And it does take more skill to tie a married wing, spey or dee fly than the vast majority of hair wings. It takes more skill to tie a feather wing on so that it lays in a straight verticle plane than it doesn to tie a wad of hair in for a wing. It also takes a lot more skill to tie dee wings so they lay properly than a rabbit strip, a bunch of marabou, or some hair. Not to mention the additional skill it takes to tie tail veiling, body joints, sides, cheeks, and horns on a fly or the skill involved in constructing a married wing. If it didn't, all of us who teach others to tie flies would have no problem having folks tie a classic fly in a beginners tying class, but we have no qualms about including a hairwing salmon or steelhead fly in a beginnners class.
Steve Gobin has used 30# dacron backing for many years as an eye loop on his fishing flies with no problems. And he simply ties it in with Danville Flymaster or 8/0 Uni-Thread and then puts a coat of head cement on the wraps holding it to the hook. I have never had a problem with 20# braided mono tied in the same way as Steve ties in dacron, so you shouldn't have a problem with the gel spun.
Greg my only concern with 50 gelspun would be its inherit ability to cut through anything. It can be pretty nasty stuff and I would fear it would cut right through your mono leader once a fish really started tugging on it. Maybe not and let us know how it goes.
Just got through Price-Tannant's classic and I was surprised to hear him talking about issues obtaining the exact same materials you hear people complain about not being able to get nowadays. Seems like nothing has changed much in the last 100 years with the exception that some tiers have found even more suitable substitutes since his book was written. We have a lot more materials to incorporate into full dressed flies than those guys could ever have imagined. Look at the 'freestyle' full dressed tiers like Ronn Lucas. He has taking those basic techniques you gain from the classic patterns and has really helped bring full dressed tying into the 21st century with his use of widely available new school materials. He has proven to me that you do not need indian crow, heron, etc to tie in the way of the old masters.
They fell out of favor IMHO because they are the master class of all fly tying. Quite simply they are the most technical of all patterns and demand the best out of a tier. One of my main reasons for exploring salmon flies was to further enhance my tying skills. These patterns expand your tying abilities so much and the skills learned trickle down to every pattern you tie. With the limited dabbling I have done in full dressed flies all the flies I regularly use are already looking 100% better. I find myself paying more attention to the bodies , ribbing, hackling, and proportion of all my flies because full dressed flies demand you pay attention to those things. It has really opened my eyes as far as tying is concerned. All of the true masters of our craft that I look up to are outstanding full dressed tiers. I do not think that is a coincidence. You aint going to get that schooling from hairwings.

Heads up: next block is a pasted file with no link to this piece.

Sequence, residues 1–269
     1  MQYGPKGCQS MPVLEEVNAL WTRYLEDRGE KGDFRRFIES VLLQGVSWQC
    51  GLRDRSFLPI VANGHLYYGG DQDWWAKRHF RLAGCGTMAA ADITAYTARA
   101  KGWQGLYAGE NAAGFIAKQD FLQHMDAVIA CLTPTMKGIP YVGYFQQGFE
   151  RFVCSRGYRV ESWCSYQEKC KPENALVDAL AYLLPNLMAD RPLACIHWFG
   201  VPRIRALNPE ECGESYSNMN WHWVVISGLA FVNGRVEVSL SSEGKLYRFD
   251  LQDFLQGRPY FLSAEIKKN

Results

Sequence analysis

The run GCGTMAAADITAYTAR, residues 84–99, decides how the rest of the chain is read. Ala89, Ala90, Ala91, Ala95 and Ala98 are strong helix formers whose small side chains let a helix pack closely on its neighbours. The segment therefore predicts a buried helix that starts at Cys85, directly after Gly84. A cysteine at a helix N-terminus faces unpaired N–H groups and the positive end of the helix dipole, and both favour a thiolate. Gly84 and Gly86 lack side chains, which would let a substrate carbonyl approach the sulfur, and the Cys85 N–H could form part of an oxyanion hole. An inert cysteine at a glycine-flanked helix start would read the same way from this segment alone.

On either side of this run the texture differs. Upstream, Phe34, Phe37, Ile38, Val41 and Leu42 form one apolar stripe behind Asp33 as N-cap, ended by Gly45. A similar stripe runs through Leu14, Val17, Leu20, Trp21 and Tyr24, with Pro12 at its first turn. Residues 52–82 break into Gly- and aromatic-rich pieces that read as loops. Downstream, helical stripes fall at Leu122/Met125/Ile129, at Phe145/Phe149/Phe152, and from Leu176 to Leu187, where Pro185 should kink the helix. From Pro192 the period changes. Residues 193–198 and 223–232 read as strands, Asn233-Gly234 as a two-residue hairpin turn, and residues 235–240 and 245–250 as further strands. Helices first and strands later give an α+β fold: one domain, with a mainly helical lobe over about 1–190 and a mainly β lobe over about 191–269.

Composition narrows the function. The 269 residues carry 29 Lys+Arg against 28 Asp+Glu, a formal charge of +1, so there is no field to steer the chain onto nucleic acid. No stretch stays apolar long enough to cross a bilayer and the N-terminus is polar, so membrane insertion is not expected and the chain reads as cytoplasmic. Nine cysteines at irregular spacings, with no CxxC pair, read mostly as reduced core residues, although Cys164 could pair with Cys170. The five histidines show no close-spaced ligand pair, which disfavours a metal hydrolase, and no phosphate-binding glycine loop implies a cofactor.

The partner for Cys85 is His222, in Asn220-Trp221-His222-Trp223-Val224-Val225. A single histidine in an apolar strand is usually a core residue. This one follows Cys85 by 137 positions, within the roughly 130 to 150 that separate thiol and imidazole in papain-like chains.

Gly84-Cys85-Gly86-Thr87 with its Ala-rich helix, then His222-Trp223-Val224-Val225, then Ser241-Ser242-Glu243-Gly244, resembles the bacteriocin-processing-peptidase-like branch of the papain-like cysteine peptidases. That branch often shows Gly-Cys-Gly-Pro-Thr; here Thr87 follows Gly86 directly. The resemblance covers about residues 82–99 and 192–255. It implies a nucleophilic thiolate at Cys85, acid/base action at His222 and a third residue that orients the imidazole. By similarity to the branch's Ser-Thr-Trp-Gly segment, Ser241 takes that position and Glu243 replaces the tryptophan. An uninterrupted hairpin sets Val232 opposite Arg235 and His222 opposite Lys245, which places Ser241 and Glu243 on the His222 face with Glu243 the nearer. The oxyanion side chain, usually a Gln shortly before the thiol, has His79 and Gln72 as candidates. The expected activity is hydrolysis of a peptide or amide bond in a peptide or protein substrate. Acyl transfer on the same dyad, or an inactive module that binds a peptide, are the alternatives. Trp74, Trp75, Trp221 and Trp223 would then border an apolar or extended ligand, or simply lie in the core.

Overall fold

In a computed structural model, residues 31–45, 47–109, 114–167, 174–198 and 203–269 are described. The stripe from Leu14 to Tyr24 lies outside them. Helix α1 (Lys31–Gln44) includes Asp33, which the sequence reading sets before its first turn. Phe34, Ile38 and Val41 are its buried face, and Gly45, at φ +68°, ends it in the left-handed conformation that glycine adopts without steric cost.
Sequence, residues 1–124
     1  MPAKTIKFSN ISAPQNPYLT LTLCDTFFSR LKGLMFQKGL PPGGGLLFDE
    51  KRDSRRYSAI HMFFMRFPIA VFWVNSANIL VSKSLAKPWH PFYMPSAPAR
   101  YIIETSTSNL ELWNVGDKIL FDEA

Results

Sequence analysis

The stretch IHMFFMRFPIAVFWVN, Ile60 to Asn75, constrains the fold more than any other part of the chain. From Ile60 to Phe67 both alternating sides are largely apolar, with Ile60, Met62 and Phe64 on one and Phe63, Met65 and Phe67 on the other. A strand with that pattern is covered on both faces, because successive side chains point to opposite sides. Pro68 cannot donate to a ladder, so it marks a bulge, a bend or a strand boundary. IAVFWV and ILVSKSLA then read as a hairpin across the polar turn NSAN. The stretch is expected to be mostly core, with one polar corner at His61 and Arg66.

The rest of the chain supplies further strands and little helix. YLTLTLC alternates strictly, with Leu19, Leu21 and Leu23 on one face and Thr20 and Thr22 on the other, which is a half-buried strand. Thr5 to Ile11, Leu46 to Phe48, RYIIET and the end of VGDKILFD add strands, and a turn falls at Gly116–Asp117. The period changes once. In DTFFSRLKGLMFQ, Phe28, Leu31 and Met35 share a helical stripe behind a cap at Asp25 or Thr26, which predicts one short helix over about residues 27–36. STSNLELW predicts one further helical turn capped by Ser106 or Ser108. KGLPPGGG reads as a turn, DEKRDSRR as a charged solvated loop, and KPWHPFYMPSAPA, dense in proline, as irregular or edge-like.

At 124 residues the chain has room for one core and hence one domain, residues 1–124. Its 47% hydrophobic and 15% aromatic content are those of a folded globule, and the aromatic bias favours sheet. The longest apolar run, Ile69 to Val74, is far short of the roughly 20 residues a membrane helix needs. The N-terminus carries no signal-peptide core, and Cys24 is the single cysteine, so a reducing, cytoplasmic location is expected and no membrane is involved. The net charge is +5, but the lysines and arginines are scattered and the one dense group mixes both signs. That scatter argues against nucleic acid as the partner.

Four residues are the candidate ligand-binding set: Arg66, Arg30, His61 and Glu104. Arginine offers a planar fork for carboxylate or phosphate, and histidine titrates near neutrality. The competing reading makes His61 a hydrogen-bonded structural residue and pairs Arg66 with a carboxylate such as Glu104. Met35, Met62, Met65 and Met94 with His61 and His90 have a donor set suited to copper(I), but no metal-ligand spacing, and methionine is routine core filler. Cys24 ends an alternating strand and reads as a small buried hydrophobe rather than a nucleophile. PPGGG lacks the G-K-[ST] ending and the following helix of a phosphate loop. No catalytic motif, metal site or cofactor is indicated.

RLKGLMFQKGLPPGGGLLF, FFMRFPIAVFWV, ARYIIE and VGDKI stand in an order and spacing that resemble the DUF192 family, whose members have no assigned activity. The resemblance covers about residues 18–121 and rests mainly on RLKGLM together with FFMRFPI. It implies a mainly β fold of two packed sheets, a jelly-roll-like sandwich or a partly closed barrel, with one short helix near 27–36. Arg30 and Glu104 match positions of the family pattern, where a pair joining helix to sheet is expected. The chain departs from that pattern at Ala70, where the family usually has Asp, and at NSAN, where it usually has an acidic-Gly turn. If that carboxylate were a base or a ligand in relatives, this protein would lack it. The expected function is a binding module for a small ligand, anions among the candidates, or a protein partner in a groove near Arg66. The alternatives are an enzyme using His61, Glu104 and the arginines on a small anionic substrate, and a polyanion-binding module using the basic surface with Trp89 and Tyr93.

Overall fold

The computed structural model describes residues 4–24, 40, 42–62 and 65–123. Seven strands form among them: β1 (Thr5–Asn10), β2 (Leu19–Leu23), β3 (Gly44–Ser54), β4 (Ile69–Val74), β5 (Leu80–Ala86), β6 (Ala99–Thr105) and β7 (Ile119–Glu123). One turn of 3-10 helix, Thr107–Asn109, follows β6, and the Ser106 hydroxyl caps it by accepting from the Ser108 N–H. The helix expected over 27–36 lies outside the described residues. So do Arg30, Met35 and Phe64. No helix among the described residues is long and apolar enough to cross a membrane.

In this new era of give it to me now fly fishing very few guys really want to spend the time that some of us are willing to invest in the art. Why learn to tie to perfection when a hunk of rabbit will work. For me tying is not solely about hooking fish and tradition is a big thing to me. Learning full dressed techniques is a way for me to help keep that tradition alive. Even if it is going to take me a couple years of practice to get to the place where I do the old masters justice :rolleyes:
I look at it the same way as if I was a trout fisherman. You bet I would be spending a lot of time learning how to properly dress Catskill dry flies. IMHO they are the master class of trout flies and once you master them everything else will fall into place.
Sorry for being so long winded,
01-06-2005, 09:14 PM
I have always used 30# backing for my blind eye fishing flies.
I put down a tread fondation on the hook shank and double the backing
to form the loop and wrap back over most of the hook shank. I then hit
it with superglue. I have yet to have one pull loose. I haven't landed that
many fish on these flies yet. As to a crow sub I use ring neck feather dyed
in the fashion discribed in Tying the Classic Salmon Fly: A Modern Approach to Traditional Techniques by Michael D. Radencich. I also use red bishop (aka: weaver bird) and flamed scarlet minivet. Here is a link to a discription of
the technique. I will also try to take a picture of the various subs and the one
real crow that I have for an example.
01-08-2005, 09:45 PM
Or anyone else - any comments on dacron vs. braided nylon as loops on blindeyes for fishing purposes?
01-08-2005, 09:51 PM
They both work well, although I prefer the braided mono because it is stiffer than the dacron.
01-08-2005, 10:45 PM
Thanks Flytyer - I was leaning towards the braider nylon as I think is looks better, but was wondering if the dacron had any functional advantage.
01-10-2005, 07:50 AM
flytyer turned me on to the braided mono a while back and it has served me very well. I also think it looks better on the fly than dacron since it is more translucent. Not that this matters for fishing but what the Hell! :cool: